A primary goal for recovery following spinal cord injury (SCI) is restoration of locomotor capacity (e.g. walking). This is feasible because the core neuronal circuitry for locomotion resides within the spinal cord, and usually remains intact with spinal cord injury. However, a major problem for restoration of locomotion is that sensory input to the spinal cord often induces muscle spasms that can interfere with locomotion. On the other hand, intense locomotor training has been reported to inhibit spasms. We suggest that these opposing actions of locomotion and spasms arise from separate mutually inhibitory neuronal mechanisms in the spinal cord, including separate networks of interneurons and separate ionic currents in motoneurons. Thus, these differing mechanisms can be selectively targeted to promote locomotion and at the same time reduce spasms.
Aim 1 : In our previous studies, we showed that L-type calcium channels on motoneurons produce large persistent inward currents (Ca PICs) that are fundamental for generating long-lasting spasms after SCI. We have also demonstrated that NMDA receptors on motoneurons induce equally large persistent inward currents (NMDA PICs), but these are followed by large persistent outward currents (NMDA POCs), which terminate all PICs. These NMDA currents potentially contribute to controlling the amplitude and duration of rhythmic locomotor activity. Thus, in this proposal we examine the hypothesis that after SCI activation of NMDA receptors on motoneurons during rhythmic locomotor activity amplifies motor output (via NMDA PICs) and at the same time terminates Ca PIC driven spasms (via NMDA POCs).
Aim 2 : Our preliminary studies suggest that after SCI interneurons in the deep dorsal horn generate a burst of firing following sensory stimulation, which could trigger PICs in motoneurons and spasms. We hypothesize that: bursting interneurons in the deep dorsal horn are strongly involved in triggering of spasms, but at the same time inhibit locomotor activity.
Aim 3 : If the interneurons involved in locomotion and spasm are mutually inhibitory, then increasing the activation of locomotor interneurons should decrease spasms. To test this idea we examine the V3 interneurons known to be involved in locomotion in normal mice, and hypothesize that after SCI the V3 interneurons promote locomotion and inhibit spasms, transforming tonic spastic activity to coordinated locomotor drive. We employ optogenetic activation of V3 neurons after SCI. The novel concept that the interneurons that generate locomotion are different and mutually inhibitory to the interneurons that generate spasms opens up promising new avenues to treating spasms and promoting locomotion after SCI, especially when combined with potential therapeutic viral/genetic manipulation of these interneurons. From a general point of view, the tonic spasm generating interneurons and ionic currents (Ca PICs) are likely related to normal postural activity, and thus our studies shed light on the general interplay of neuronal circuits that differentially control posture and locomotion.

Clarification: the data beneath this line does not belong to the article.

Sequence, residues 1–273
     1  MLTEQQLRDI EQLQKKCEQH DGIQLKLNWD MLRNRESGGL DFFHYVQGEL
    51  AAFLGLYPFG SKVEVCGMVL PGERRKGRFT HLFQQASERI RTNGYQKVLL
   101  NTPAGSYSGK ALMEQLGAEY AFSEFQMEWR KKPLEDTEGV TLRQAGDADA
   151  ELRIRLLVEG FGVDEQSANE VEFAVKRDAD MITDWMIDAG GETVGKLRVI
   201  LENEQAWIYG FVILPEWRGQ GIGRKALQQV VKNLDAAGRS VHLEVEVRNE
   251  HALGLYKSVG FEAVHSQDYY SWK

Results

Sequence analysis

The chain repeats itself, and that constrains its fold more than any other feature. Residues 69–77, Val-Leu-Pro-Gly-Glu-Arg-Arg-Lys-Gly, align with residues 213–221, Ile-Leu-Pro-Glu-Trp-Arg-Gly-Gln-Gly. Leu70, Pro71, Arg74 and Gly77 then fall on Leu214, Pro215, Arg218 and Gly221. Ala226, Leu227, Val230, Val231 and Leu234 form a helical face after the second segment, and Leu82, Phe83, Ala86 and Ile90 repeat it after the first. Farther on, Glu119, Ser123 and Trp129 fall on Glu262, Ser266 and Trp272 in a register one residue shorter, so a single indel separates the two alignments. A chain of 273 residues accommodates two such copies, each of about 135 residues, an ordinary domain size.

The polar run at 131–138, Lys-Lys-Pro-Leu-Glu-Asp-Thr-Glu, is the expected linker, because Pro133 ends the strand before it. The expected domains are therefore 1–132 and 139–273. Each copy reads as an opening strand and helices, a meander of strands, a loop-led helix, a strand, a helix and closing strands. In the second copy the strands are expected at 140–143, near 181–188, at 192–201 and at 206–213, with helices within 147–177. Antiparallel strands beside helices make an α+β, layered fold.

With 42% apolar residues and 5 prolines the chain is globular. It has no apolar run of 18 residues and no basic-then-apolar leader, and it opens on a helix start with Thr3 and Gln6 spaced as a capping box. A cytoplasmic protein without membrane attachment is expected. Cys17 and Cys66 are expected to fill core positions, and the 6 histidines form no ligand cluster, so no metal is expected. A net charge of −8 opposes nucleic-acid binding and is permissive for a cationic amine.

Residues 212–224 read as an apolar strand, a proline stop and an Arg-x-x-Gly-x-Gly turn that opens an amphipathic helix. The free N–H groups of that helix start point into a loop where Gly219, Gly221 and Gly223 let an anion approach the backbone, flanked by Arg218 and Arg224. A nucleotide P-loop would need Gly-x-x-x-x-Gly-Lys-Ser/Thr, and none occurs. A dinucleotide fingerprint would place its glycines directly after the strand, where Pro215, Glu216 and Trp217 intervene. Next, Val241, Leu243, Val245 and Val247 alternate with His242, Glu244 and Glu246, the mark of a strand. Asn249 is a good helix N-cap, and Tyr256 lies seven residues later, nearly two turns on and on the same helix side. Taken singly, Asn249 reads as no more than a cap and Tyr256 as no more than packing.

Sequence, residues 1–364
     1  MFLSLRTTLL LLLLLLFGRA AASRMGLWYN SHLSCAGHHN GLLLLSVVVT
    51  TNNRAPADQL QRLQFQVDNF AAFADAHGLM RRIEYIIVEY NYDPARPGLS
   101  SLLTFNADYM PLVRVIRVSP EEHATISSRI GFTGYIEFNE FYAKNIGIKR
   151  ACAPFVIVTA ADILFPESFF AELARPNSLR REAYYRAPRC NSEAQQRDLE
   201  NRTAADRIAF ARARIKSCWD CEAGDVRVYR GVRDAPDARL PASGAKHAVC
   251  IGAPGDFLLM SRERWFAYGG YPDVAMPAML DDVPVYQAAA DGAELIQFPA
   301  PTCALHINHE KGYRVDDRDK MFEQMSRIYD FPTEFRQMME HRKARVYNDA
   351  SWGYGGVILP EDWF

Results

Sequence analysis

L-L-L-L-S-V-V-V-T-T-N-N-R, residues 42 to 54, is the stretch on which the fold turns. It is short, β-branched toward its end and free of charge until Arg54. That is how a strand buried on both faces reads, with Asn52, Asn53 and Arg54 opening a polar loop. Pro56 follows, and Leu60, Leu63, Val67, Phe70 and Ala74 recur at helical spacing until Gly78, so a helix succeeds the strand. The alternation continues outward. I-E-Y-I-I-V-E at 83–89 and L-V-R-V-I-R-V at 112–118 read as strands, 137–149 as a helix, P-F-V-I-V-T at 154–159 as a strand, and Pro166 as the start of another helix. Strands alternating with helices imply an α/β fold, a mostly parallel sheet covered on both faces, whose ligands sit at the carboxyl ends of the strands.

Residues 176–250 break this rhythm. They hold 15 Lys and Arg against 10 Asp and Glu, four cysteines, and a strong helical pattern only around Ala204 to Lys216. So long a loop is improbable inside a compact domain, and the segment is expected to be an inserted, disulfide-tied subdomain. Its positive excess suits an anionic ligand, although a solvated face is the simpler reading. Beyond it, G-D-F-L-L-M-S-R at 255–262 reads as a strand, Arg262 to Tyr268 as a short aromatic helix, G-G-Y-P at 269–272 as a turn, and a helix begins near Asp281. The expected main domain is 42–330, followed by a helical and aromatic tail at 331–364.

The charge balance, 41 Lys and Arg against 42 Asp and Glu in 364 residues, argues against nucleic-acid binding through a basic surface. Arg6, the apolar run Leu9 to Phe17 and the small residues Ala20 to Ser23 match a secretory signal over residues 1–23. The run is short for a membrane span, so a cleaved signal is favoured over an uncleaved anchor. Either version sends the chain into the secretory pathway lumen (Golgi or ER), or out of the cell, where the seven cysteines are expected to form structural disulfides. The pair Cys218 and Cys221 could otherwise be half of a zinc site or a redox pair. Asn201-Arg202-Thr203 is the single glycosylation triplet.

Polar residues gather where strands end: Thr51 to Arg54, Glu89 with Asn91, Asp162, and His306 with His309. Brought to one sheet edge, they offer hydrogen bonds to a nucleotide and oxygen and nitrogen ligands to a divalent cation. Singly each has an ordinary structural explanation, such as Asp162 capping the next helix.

The proposed research is designed to understand the interaction of the neuronal circuits that control locomotion (walking, swimming) and muscle spasms after spinal cord injury. We use novel transgenic and pharmacological methods to activate selected neurons (V3 neurons) and receptors (NMDA receptors) that promote locomotion and minimize unwanted muscle spasms. Once successfully developed in our animal preparations, these transgenic and pharmacological methods can be adapted to human subjects with spinal cord injury, allowing the possibility of exciting new therapies for recovery o function after spinal cord injury.
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